These two issues have contributed to a shift in emphasis in policy and academic circles towards a ‘wellbeing economy’, involving multidimensional measures of economic progress and quality of life. Within these spheres of economic study, the aim of policy-making is to achieve individual and social wellbeing.
One prominent approach involves the economics of happiness. This uses a broader and alternative range of indicators to measure and evaluate the progress of an economy. The field is expanding at great pace: the World Happiness Report notes that the term ‘happiness’ is appearing more in texts, and now more often so than GDP (Helliwell et al, 2022). This indicates a shift in values and economic narrative.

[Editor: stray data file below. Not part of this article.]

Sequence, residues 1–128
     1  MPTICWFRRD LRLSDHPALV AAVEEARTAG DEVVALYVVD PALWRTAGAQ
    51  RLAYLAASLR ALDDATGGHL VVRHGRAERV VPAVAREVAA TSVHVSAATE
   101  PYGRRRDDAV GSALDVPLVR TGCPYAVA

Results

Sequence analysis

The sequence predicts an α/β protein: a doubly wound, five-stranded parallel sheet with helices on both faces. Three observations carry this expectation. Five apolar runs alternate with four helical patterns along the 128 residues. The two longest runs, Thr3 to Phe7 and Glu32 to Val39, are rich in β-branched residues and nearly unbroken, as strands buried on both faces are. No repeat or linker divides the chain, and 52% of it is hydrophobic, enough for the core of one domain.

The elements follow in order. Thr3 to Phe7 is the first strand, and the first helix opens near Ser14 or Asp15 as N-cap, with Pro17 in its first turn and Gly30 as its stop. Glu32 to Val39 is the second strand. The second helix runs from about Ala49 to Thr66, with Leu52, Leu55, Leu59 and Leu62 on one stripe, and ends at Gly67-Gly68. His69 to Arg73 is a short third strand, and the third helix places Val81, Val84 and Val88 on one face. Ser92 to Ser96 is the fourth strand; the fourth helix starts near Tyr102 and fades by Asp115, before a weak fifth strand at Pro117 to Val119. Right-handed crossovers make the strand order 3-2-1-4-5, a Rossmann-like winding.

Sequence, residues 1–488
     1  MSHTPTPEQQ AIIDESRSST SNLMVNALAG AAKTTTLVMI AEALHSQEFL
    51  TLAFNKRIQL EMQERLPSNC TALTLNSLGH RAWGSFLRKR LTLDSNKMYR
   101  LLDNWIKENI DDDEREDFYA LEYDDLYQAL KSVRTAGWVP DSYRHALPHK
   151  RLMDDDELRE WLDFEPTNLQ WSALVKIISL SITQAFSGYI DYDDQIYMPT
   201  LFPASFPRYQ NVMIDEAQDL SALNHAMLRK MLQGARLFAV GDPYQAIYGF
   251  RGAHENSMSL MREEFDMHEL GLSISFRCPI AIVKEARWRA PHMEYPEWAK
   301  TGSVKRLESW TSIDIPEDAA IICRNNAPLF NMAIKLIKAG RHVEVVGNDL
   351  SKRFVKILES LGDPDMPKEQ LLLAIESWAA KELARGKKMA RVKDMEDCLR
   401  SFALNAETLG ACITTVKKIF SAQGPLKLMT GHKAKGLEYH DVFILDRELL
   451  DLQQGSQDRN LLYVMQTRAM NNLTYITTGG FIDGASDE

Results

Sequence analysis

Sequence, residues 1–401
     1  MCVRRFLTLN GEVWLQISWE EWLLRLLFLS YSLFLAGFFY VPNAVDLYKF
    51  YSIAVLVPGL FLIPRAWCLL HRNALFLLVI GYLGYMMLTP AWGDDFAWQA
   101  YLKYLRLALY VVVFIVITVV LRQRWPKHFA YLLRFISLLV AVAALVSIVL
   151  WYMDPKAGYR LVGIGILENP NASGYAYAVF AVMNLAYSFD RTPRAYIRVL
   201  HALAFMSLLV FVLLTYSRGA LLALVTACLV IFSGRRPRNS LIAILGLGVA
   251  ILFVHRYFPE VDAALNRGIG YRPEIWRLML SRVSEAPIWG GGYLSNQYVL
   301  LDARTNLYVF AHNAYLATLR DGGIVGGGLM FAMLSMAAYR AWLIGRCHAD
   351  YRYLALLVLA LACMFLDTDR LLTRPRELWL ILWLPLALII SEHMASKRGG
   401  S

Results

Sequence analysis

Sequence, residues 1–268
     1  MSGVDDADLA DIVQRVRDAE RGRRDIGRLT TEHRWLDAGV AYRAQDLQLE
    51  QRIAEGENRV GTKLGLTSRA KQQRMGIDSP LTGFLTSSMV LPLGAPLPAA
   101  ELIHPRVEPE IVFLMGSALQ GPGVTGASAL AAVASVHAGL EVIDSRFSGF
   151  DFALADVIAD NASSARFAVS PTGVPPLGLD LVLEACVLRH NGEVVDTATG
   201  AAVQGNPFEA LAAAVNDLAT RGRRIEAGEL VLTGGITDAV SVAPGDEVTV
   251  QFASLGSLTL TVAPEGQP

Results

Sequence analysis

Although the domain of happiness economics offers alternative conceptual approaches for analysing and measuring wellbeing, the most integrated into policy design is the ‘subjective wellbeing’ approach. This includes several metrics but is generally based on positive psychology concepts and uses self-reported measures, such as life satisfaction.
Figure 5: Negative affect balance
Source: OECD.Stat, Gallup World Poll
For example, the negative affect statistic represents the share of respondents that report more negative than positive feelings or states compared with the previous day. Figure 5 shows a mixed picture of individual subjective wellbeing in certain countries.
The most extreme valuations are reported in Italy, while those of Japanese and American individuals are the most steady (although Japanese citizens report overall lower levels of negative affect compared with US citizens).